By Osama Al Sharif, firstname.lastname@example.org, February 13, 2008
Hamas, the staunchly anti-Israel Islamist movement, which has been governing Gaza ever since its bloody showdown last June with the PNA, is looking increasingly like a spent force. It is not that the Palestinian National Authority has scored any meaningful gains in its peace negotiations with Israel since these talks were resumed in Annapolis last November. Nor is it a result of Israeli sanctions against the enclave that has left more than 1.5 million Palestinians without access to basic needs such as gasoline, food and medicine.
Hamas is slowly turning into a liability for all Palestinians; playing into the hands of its enemies and putting its own political interests above those of its besieged people. It is true that the Islamist party and its allies won a majority in the Legislative Council elections two years ago, and accordingly formed a government. And it is no secret that the United States, Israel and Europe, in addition to many Arab countries, colluded to defeat that government even though it was a product of a fair and free elections.
And one could sympathize with claims that the coup that Hamas carried out in the summer of last year came to pre-empt a certain conspiracy by a Fatah leader, Mohammad Dahlan, and the CIA to topple the movement and create a new power system in Gaza Strip. Certainly, the decision by the Arab League to investigate the circumstances surrounding the events of that summer was never carried through. Culpability is not definite and Israeli stalking of the movement’s representatives, including the arrest of most of the Hamas deputies in the Legislature and the killing of key activists, may justify some of its actions.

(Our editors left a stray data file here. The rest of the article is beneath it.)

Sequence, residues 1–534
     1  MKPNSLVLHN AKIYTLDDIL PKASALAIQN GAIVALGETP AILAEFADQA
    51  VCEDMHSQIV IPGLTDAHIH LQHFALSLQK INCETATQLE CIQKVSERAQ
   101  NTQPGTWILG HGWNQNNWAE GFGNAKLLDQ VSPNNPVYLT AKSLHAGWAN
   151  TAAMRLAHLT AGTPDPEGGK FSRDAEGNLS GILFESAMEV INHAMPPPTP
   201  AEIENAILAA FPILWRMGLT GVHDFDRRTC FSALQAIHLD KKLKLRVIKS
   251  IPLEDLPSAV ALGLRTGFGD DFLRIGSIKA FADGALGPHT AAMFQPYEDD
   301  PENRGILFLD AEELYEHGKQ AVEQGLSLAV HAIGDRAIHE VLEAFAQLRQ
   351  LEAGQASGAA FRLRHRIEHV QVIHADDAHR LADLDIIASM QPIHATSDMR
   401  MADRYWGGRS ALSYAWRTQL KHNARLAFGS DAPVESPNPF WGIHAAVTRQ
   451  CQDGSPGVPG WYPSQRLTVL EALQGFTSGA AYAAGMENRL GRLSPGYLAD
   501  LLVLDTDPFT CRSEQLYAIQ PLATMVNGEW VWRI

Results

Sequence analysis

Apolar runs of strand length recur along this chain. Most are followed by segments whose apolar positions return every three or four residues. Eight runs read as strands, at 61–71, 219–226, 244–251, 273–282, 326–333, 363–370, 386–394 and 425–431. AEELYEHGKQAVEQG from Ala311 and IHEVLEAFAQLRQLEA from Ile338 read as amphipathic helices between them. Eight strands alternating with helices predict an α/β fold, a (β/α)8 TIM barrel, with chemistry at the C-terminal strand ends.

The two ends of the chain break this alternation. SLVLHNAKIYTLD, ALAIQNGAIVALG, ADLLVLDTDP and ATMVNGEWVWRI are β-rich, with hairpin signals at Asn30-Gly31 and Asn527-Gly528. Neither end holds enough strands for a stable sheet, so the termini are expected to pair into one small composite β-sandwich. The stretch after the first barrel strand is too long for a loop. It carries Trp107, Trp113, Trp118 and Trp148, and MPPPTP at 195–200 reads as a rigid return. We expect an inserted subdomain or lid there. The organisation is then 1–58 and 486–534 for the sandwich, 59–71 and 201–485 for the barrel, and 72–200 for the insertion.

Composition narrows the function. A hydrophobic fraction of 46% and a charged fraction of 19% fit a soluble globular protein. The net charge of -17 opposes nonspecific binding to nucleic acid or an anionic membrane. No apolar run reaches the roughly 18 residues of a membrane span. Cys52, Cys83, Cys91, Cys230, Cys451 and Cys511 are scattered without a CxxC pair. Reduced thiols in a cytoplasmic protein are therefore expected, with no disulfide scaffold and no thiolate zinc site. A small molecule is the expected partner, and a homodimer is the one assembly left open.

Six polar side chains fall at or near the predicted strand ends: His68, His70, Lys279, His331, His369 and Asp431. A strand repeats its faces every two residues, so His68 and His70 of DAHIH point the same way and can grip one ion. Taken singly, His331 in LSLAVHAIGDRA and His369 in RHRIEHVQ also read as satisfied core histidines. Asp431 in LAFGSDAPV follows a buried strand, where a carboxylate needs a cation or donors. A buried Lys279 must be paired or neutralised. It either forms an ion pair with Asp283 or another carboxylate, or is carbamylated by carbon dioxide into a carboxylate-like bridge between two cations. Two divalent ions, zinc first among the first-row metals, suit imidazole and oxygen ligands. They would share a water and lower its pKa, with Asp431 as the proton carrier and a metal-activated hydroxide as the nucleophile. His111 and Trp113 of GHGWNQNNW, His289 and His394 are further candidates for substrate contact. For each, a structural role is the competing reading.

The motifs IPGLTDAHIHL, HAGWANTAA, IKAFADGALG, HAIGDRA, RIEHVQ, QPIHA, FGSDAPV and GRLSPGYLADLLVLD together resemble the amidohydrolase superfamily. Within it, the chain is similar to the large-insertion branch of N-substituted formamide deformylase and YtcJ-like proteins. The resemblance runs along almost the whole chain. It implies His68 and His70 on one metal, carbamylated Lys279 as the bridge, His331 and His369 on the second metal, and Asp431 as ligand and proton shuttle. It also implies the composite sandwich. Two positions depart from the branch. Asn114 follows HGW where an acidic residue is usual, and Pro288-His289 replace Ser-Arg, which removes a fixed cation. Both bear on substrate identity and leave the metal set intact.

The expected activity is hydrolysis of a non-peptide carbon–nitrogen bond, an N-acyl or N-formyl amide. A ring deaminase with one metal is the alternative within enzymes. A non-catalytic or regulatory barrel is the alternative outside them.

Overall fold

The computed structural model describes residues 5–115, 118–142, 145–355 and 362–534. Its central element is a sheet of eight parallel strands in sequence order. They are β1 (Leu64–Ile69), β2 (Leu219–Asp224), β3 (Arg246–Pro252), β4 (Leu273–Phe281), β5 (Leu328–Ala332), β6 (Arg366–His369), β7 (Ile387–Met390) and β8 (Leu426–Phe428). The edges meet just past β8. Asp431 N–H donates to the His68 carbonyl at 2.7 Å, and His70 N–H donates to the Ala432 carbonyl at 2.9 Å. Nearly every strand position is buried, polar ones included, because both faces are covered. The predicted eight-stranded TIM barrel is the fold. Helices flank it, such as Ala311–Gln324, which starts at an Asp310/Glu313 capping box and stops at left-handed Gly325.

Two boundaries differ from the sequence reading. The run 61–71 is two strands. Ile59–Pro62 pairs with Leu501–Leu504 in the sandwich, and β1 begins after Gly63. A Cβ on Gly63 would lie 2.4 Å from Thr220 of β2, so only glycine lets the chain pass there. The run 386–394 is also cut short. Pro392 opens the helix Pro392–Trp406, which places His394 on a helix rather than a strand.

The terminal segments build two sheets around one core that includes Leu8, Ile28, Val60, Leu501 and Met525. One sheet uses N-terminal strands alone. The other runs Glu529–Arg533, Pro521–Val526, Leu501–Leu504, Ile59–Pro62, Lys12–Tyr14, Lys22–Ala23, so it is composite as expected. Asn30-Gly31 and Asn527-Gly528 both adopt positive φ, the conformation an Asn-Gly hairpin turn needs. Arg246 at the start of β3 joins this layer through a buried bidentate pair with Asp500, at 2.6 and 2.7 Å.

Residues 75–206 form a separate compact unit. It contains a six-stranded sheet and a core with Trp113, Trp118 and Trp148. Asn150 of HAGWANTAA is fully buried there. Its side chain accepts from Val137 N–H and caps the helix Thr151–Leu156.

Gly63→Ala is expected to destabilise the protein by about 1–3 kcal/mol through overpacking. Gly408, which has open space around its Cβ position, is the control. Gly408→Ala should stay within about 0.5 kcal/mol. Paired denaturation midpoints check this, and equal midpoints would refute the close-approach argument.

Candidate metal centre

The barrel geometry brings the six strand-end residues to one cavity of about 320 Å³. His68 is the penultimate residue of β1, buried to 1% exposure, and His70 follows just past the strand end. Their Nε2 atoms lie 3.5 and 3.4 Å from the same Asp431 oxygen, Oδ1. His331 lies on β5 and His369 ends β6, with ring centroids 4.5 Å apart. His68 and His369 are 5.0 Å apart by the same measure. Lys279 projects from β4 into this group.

But today Hamas has lost the moral high ground, and its intransigence to keep control of Gaza at any cost is dangerous, if not suicidal. The chasm between the PNA and the Hamas leadership has widened to reach critical levels. Few could find excuses for the militant movement’s decision to raise the ante with Israel and provoke a series of reactions that could include a complete invasion and reoccupation of Gaza.
The breach in the border fence separating Gaza from Egypt has served to highlight the extent of the humanitarian crisis that is now overwhelming the strip. But Hamas has rejected offers to reopen the international crossing points in accordance with signed agreements and treaties. Its insistence that it should have full control over its side of the border was doomed, especially by the Egyptians, who were taken off guard in the first few days of the incursion.
For a while it appeared that the PNA and Egypt could actually come to an accord over the management of the common border, without infringing on third-party agreements. Such a breakthrough could have left Israel out in the cold and it would have allowed Gazans to end their dependency on the Jewish state. Hamas failed to see the bigger picture. As a result, the Egyptians sealed off the borders and relations with Cairo turned sour.